First Battle of the Marne Facts

First Battle of the Marne Facts
The First Battle of the Marne was a major World War I battle that took place from September 6-12, 1914 near the Marne River in France. It was the first major Allied victory in World War I and came at a time when the Germany Army was rapidly advancing through the Low Countries and into France in what was known as the Schlieffen Plan. The Schlieffen plan called for a quick, all out strike against France that was supposed to sweep around and encircle Paris, just as Prussia had did in the Franco-Prussian War in 1870. Nearly 70,000 Germans were killed and more than 80,000 of the French and British died in the nearly week long fighting. Although the French and British lost more men in the battle, they repulsed the German advance, which resulted in the Allies' first decisive victory on the western front. The Allied victory ended the Schlieffen Plan and ensured that the war on the Western Front would be a quagmire marked by trench fighting and chemical warfare for the next four years.
Interesting First Battle of the Marne Facts:
The battle was precipitated by what is known as the "Great Retreat." The Great Retreat is when the British Expeditionary Force and the French Fifth Army retreated south the Marne River.
The Marne River, or River Marne, is a tributary of the Seine River and is located just a few miles east of Paris.
The Germany Army was led by the sixty-six-year-old Field Marshal Helmuth von Moltke the younger when the battle began.
The French were led by Field Marshal Joseph Joffre.
The battle on the western flank actually began with a French and British attack across the Western Front on September 4.
Six hundred Paris taxi cabs were commandeered by the French army to ferry troops to the front on September 7. It was one the first major mobilizations of motorized vehicles for military transport.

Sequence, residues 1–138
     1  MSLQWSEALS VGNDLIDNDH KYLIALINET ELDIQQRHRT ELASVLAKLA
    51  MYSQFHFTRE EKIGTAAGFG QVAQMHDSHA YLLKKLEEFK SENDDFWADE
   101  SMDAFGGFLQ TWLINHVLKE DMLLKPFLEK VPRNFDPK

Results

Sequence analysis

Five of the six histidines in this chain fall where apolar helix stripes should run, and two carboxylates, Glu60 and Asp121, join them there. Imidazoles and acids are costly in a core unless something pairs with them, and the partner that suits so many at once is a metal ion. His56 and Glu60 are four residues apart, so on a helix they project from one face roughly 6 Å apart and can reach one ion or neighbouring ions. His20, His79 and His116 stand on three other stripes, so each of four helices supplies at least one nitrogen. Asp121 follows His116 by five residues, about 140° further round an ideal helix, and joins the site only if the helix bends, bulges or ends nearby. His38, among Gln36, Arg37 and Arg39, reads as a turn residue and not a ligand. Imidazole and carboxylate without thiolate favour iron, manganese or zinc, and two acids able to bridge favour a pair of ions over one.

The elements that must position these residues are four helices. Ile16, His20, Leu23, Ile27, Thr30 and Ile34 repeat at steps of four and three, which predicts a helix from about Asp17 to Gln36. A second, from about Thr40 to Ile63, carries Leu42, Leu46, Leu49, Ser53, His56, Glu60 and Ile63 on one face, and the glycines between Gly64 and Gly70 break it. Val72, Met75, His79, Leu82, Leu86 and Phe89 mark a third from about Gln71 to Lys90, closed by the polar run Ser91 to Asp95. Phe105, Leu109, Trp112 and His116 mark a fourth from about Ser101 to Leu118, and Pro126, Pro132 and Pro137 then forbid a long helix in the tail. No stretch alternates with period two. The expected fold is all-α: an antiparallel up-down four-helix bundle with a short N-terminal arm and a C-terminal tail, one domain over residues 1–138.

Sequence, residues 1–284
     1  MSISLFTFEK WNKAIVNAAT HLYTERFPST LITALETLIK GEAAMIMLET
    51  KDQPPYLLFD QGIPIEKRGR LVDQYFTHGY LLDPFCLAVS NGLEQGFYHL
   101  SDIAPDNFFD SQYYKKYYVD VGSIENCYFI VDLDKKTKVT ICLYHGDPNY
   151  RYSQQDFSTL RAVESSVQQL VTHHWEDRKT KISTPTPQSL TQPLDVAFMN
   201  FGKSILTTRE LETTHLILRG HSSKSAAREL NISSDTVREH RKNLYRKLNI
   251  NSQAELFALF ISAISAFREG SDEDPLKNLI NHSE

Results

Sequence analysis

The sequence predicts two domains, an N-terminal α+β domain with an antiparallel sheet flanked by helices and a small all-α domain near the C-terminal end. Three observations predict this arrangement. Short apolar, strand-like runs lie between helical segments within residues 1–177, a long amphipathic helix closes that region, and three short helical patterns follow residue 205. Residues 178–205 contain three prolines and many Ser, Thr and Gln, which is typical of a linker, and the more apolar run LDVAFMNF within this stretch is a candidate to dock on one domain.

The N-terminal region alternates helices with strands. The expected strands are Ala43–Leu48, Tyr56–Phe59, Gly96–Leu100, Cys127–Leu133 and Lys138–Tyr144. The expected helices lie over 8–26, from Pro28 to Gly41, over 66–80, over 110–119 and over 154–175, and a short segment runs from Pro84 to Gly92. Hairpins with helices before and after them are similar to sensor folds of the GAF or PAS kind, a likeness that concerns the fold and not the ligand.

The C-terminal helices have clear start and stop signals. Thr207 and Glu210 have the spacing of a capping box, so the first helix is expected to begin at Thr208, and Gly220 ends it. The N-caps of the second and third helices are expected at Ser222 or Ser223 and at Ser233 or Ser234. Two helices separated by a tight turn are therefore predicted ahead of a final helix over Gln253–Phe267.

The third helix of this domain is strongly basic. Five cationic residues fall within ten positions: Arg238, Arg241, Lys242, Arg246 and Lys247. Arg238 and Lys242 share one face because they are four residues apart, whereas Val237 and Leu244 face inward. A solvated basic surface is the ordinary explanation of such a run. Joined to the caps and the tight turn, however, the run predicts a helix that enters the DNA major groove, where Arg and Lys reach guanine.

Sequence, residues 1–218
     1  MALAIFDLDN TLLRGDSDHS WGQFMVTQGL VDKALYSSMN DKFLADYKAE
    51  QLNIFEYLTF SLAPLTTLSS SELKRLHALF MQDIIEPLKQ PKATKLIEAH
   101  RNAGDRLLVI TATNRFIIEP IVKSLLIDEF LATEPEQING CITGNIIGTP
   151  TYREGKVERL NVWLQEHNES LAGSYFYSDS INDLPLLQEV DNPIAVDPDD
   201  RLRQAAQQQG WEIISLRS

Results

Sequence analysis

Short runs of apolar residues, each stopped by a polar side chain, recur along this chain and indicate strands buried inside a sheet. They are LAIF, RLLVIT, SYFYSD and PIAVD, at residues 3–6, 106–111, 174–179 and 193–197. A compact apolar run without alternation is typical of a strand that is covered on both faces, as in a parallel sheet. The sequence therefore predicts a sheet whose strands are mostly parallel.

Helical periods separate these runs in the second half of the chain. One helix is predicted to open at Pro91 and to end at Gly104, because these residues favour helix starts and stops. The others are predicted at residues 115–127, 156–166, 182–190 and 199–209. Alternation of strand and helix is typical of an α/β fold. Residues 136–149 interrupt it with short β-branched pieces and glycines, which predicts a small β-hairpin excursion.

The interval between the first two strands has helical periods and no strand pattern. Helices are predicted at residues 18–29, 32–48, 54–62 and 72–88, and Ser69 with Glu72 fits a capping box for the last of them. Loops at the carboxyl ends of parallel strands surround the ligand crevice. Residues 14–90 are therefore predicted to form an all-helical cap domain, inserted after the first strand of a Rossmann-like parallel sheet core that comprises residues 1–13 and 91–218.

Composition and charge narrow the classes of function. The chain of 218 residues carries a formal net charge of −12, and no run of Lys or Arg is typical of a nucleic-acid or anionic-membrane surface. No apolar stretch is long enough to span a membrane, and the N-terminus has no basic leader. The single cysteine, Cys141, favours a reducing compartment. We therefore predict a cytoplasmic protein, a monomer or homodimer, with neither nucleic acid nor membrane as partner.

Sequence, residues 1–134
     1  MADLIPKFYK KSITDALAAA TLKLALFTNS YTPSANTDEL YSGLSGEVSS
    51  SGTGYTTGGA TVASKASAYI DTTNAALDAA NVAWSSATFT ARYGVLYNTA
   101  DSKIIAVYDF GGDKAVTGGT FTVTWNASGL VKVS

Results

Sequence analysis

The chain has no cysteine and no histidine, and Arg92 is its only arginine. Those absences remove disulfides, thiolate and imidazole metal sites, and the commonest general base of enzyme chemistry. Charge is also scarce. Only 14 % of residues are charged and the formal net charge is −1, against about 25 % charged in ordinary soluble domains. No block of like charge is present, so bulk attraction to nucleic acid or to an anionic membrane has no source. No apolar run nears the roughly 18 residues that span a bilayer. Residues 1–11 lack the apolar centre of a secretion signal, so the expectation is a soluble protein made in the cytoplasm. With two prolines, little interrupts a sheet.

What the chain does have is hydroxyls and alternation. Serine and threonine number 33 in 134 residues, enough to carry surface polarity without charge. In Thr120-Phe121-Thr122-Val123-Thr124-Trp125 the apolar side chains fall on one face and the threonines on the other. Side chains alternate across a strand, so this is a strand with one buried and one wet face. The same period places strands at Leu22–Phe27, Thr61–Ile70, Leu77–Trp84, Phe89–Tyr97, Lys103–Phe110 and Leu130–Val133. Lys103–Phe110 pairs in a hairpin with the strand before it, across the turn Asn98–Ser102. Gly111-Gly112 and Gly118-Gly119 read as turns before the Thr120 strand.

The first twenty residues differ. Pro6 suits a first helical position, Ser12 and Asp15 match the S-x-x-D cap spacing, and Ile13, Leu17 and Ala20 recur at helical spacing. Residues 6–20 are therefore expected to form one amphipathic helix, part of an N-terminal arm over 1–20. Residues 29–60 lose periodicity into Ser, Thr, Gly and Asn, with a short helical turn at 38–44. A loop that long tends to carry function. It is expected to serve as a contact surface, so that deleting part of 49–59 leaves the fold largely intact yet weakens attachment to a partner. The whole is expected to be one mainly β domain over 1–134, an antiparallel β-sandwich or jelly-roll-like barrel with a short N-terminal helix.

The Germans were driven back ten miles in the west flank before they dug in and started building trenches.
The Germans fared better on the eastern flank, but Moltke was forced to move troops from there to the western flank to stop the Allied advance.
Nearly one million men fought on each side of the battle.
Although the Battle of the Marne proved to be a tactical and decisive victory for the Allies, many historians do not consider it to be a strategic victory because the Germans were not driven from Belgium or northern France.
Although only six British division fought in the battle compared to sixty-four French division, they had a high casualty rate. The British recorded about 13,000 casualties with more than 1,700 deaths.
Chemical weapons were not used at the Battle of the Marne, but aerial reconnaissance did play a role.
Moltke was blamed by many in the German high command for losing the battle. Some say he didn't faithfully follow the Schlieffen Plan and diverted too many troops from the Western to the Eastern Front.
Moltke's health took a turn for the worse after the battle, leading to his replacement.

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